In short, you should buy this book. It is very, very good.

  6. Sooo, it's been a year.

    Today KING OF ASSASSINS is released in the UK and Girton, Merela, Xus the warmount and Rufra's adventure comes to a close. I'd love to write a really long blogpost about the books and the characters and what I hoped to achieve with them but it would be hugely spoilerific. So I can't, not really. If that sort of thing is your bag then check out the back of King of Assassins where I talk a bit about that.


    Instead I'm going to talk about success.


    As a reader it's been a year, for me it has been much longer since the initial six week writing frenzy that gave birth to Age of Assassins. Then there was a lot of interminable waiting while I changed agents (for very dull reasons, nothing spicy, sorry) then a shorter but EVEN MORE interminable waiting time while we decided on a title and I couldn't tell anyone OH MY GOD I HAVE SIGNED A BOOK DEAL.[1] Then waiting for release and waiting on tenterhooks for reviews. So much waiting, but the payoff was definitely worth it.


    Something I've been asked a lot by people is 'is it successful?' Well, look at this list of award shortlists. (I'm not just bigging myself up, stick with me here.)


    Kitschie Golden Tentacle.

    Gemmell Morningstar

    British Fantasy Society – Best Newcomer

    British Fantasy Society – Best Novel.

    Guardian Not-The-Booker (longlist)[2]

    And the reviews for each book (so far) have been better than the last (mostly).


    I guess, to an outsider that looks successful and, depending on your metric, it probably is. But that is not what people mean when they ask 'is it doing well' or whatever variant they use. They mean have you sold lots of books.


    That is a harder question to answer. My friend, Nick Eames, wrote KINGS OF THE WYLD and that has been HUGELY successful, sold bucket loads of books and you can unequivocally say, 'yes, that has been a commercial success. But for most writers such lines are not so easily drawn. I have access to a thing that will tell me how many books I've sold but that sort of information is largely meaningless to me so I never look. I mean, I know Age of Assassins has gone into a second printing which is lovely. I think. Also, “success” is a word that really needs put into quotation makes. Different books can sell different amounts and still be successful depending on what your publisher expects. If you're not Nick then success is a bit like a wiggly, constantly moving line and you decide your place on it by trying to place a pin while blindfolded.


    To really know how you're doing you need a lot of extraneous information to pin that line down, and then, when you have that information all you really have is a reason to get anxious about something that, in the end, you can do very little to control.


    So I ignore it. My agent is happy and Orbit seem happy so that's good.


    In the end I choose to measure success by the way I measure everything[4], am I happy? And the answer, of course, is yes, ecstatically happy. So I have been, to my way of thinking, wonderfully successful, beyond my wildest dreams if I am honest. Since Age of Assassins came out my wife and I have said all along it didn't matter if it bombed, we've just had an amazing time and made loads of great new friends. Being an author and meeting all the people involved, no matter how peripherally, has felt like coming home.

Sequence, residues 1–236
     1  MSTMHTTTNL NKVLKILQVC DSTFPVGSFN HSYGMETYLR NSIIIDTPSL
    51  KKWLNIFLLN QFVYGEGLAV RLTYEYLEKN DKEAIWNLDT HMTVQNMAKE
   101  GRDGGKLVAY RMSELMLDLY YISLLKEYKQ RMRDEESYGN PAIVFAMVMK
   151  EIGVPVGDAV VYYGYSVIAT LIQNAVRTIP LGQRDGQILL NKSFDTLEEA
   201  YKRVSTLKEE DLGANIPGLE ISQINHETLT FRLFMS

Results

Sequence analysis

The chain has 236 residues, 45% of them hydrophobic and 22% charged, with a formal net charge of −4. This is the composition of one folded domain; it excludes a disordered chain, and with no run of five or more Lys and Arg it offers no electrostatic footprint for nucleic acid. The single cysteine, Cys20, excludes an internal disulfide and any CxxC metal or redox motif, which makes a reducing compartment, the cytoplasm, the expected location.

So this blogpost is really a thank you to all the people that have not only made my dream come true but made it such a wonderful experience, my agent, Ed Wilson at Johnson and Alcock, my editor, Jenni Hill, my publicist Nazia, everyone at Orbit, the book bloggers, reviewers and writers and all the people I have met along the way and, Every. Single. Person. that has read it and enjoyed it[3]. Thank you all so very much. I am forever indebted to you all for the most wonderful year of my life.


    RJ. 07 August 2018


    1. Originally it was called The Uncrowned Heir, then All Deaths Well Intention'd (still my favourite) before Orbit suggested Age of Assassins and by that time I would have happily accepted Mr Stabby's Exceptionally Stabby Day as long as I got to tell people about it.

    2. This was a bit cheeky actually.

    3. Or not, sorry about that.

    4. And would encourage everyone to try.
  7. Oh Apollo! I offer these libations to you! I who wield the chisel in your name put down wine and place meat in the fire. I who show truth of character in marble. Who chips away the lies until they strew the floor of the workshop. Apollo hear the entreaty of your servant Blind Akakios.


    You must have heard them speak of me, great Apollo! And I have never asked ought of you. Only the brave, foolish or virtuous put themselves before the chisel of Blind Akakios, they say. And still they come, 'cast me in stone,' they say. 'Cast my wife in stone and lay your hands upon her body to know her.'


    And if not all were happy with the statue they find waiting them then that is beyond my control and I have faced mortal peril to show truth in art, all in your name.